GDP report: how the presidential candidates, lawmakers are seizing on it
The GDP figure of 1.5 percent for the second quarter puts President Obama on the defensive, but Democrats are playing up other findings in the report.
The US economy grew at a slim 1.5 percent pace during the second quarter of the year, the Commerce Department reported Friday morning. While far less iconic than the unemployment rate, the GDP figure nevertheless will have key impacts on the presidential campaign as well as on congressional debates.
First, the report will be weaponized by Republicans in charging that President Obama failed to produce a thriving economy during his first term â€“ and that raising taxes amid a slumping economic expansion is the wrong move.
Indeed, for the Romney campaign, the report is one more piece of ammunition.
â€śI think it's very disappointing for the future of the economy,â€ť said Glenn Hubbard, the dean of Columbia Universityâ€™s business school and a top Romney economic adviser, in a statement. â€śIt's about half of what potential growth actually is in the American economy and recoveries should be much more vigorous even after a financial crisis. If we keep up at this rate, over the next year or two, we will simply never get back to full employment.â€ť
The reason for slow economic growth will be hotly debated by Congress in the coming months as the parties battle over the extension of the Bush tax cuts.
Senate minority leader Mitch McConnell (R) of Kentucky has repeatedly stressed that Democrats agreed to a two-year extension of the Bush tax cuts in December 2010, when the most recent GDP figure was about 2.5 percent for the third quarter of that year.
So why, Senator McConnell asks, when the economy is less robust now, are Democrats willing to extend the Bush tax cuts for only the first $250,000 in household income?
â€śTheyâ€™re not even pretending to care about the economy,â€ť McConnell said on the Senate floor Thursday. â€śThey've sort of given up on the argument that this is about the economyâ€ť to focus on electoral politics.
House minority leader Nancy Pelosi (D) of California told reporters Thursday that Democrats swallowed hard in 2010 and took the full extension of the Bush tax cuts to get one of their favored measures â€“ extended unemployment benefits â€“ continued as well.
â€śIt was a one-time thing,â€ť Representative Pelosi said. â€śIt was a passage that we were unhappy with, but could not pull the plug on unemployment insurance.â€ť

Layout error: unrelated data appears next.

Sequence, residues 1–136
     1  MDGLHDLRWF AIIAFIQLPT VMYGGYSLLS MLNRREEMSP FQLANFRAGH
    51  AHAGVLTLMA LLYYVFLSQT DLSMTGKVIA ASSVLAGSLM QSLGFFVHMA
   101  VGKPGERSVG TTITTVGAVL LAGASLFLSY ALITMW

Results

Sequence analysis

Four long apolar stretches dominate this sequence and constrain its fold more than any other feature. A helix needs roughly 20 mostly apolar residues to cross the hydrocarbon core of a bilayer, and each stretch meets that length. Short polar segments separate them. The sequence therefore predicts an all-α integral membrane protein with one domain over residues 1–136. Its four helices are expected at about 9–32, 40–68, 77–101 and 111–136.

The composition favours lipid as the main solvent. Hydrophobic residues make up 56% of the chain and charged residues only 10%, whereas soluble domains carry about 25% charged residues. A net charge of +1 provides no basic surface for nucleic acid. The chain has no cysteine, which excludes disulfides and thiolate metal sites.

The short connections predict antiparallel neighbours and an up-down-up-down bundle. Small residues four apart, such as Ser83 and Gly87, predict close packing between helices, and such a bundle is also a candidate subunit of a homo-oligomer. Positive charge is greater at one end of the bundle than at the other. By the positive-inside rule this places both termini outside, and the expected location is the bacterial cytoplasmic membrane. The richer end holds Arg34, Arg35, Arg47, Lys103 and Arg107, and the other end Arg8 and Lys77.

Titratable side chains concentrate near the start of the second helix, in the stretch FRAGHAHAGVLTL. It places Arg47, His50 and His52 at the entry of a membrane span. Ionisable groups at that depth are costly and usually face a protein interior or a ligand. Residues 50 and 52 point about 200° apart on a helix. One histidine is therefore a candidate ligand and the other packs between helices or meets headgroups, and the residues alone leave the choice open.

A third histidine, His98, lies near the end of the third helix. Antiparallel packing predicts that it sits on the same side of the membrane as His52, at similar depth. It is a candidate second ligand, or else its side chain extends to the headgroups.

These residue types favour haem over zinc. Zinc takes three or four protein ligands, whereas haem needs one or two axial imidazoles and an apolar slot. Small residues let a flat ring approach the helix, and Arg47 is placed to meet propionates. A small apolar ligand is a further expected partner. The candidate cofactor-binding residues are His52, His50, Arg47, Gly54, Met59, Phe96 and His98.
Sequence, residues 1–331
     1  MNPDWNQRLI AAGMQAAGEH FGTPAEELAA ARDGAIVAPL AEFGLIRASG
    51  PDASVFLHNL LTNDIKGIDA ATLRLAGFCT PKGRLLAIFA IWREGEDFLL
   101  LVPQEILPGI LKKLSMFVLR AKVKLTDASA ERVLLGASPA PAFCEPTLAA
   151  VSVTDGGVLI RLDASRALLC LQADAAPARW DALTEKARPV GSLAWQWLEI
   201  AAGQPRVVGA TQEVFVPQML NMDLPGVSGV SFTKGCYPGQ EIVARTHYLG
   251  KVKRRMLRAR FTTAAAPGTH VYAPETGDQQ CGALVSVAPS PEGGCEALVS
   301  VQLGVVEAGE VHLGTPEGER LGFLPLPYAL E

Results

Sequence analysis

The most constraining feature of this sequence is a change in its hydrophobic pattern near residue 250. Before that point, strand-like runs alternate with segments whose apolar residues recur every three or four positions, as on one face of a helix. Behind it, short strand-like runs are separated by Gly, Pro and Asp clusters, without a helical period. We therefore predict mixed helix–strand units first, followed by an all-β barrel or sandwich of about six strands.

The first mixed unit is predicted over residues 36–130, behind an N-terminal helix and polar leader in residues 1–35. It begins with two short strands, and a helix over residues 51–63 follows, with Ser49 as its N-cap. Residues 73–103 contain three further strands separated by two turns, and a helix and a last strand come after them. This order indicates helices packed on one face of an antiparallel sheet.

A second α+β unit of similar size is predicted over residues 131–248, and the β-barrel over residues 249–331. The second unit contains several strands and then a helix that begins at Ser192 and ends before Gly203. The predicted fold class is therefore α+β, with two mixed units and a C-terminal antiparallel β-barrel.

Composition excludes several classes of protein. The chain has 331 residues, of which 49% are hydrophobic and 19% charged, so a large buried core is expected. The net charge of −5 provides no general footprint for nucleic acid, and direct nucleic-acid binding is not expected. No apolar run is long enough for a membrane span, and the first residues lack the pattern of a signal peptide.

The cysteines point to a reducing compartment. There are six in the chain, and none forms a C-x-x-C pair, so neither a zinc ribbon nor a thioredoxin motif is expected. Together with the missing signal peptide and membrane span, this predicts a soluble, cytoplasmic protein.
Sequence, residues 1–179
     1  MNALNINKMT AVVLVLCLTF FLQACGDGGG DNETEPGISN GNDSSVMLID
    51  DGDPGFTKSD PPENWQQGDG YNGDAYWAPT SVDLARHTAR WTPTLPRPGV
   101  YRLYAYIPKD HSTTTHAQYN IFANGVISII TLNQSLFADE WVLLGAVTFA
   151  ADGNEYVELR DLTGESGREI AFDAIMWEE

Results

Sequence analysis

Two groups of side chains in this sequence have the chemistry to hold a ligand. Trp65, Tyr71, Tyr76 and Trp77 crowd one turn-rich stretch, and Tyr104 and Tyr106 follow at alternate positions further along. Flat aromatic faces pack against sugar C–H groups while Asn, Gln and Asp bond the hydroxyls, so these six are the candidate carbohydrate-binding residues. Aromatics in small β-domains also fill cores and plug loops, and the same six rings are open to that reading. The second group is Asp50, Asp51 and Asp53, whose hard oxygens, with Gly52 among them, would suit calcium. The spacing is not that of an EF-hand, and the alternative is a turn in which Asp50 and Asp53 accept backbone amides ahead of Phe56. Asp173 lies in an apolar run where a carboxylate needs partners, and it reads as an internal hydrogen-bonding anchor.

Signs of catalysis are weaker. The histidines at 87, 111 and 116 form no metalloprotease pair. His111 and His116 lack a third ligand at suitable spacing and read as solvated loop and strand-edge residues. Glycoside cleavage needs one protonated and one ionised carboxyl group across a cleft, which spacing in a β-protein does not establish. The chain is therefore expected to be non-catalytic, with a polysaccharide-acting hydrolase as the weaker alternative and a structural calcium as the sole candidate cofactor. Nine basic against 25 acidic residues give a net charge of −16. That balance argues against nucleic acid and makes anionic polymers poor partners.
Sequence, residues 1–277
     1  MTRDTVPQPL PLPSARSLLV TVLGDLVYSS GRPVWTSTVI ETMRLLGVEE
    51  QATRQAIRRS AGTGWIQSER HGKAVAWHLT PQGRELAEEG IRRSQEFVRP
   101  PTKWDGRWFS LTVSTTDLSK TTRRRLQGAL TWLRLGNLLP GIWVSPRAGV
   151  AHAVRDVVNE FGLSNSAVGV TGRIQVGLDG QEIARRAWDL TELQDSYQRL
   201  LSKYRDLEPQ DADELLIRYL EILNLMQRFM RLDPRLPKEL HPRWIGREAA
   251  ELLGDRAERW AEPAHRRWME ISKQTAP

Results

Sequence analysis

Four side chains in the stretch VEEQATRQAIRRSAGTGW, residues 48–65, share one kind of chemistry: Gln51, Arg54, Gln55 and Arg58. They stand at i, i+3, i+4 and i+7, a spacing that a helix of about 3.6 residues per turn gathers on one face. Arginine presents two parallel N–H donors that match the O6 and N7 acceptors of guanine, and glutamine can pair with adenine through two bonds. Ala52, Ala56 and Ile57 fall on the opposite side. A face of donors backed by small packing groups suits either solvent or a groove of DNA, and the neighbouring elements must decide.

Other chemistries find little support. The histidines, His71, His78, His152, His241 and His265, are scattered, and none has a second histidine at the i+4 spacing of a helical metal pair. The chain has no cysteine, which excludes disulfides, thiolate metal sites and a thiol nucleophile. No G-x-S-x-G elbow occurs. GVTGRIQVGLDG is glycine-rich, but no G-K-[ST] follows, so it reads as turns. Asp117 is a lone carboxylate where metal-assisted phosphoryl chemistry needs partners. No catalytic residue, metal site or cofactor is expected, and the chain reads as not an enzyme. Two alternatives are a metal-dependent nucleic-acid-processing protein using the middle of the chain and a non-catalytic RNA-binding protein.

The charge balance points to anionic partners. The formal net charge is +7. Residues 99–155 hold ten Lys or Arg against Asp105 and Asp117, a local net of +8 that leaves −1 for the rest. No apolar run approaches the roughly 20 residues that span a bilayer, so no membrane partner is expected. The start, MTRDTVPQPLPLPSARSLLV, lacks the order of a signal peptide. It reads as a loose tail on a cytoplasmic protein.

On Wednesday, the Senate approved an extension of the Bush tax cuts along the Democratsâ€™ preferred lines by a slim 51-to-48 vote. Sen. Charles Schumer (D) of New York called the moment a â€śwatershedâ€ť for Democrats.
Not only had they de-linked middle-class tax cuts from those for the wealthy, Senator Schumer argued, but they also managed to put Republicans in dicey electoral territory.
â€śThe choice before the public is clear,â€ť he said. â€śThe House can either pass these middle-class tax cuts, like we did, or it will be clear they're putting millionaires first.â€ť
Still, the GOP-controlled House is expected to defeat the measure next week, while passing the Republican-favored extension of all the reductions in marginal income-tax rates. That would leave the two chambers at loggerheads yet again.
While Congress battles, the report also shed some light on the depth of the Great Recession. Government economists had previously believed the economy contracted by 5.1 percent from the fourth quarter of 2007 to the second quarter of 2009, but Fridayâ€™s revised data showed a slightly smaller downturn of 4.7 percent.
The reason for the change: Spending by state and local governments was higher than had been reported earlier.
After that was announced Friday, in jumped the White House, arguing that the findings proved that their economic stimulus program â€“ which pushed cash down to the state and local levels to offset crimped budgets â€“ worked.
â€śIt is noteworthy that State and local government purchases were revised up in 2009, which is consistent with the Recovery Act cushioning the effect of the recession and helping to launch the recovery,â€ť wrote Alan Krueger, chairman of the White House Council of Economic Advisers. â€śSince the Recovery Act funds have been phasing out, however, declining State and local government activity has subtracted from GDP.â€ť
Between Friday and Election Day, several more crucial economic reports are due to be released. The presidential candidates will deal with four more unemployment reports and three more GDP data points. Two releases will be on the eve of voting: the first estimate of third-quarter GDP, out Oct. 26, and unemployment figures for October, released just four days before Election Day.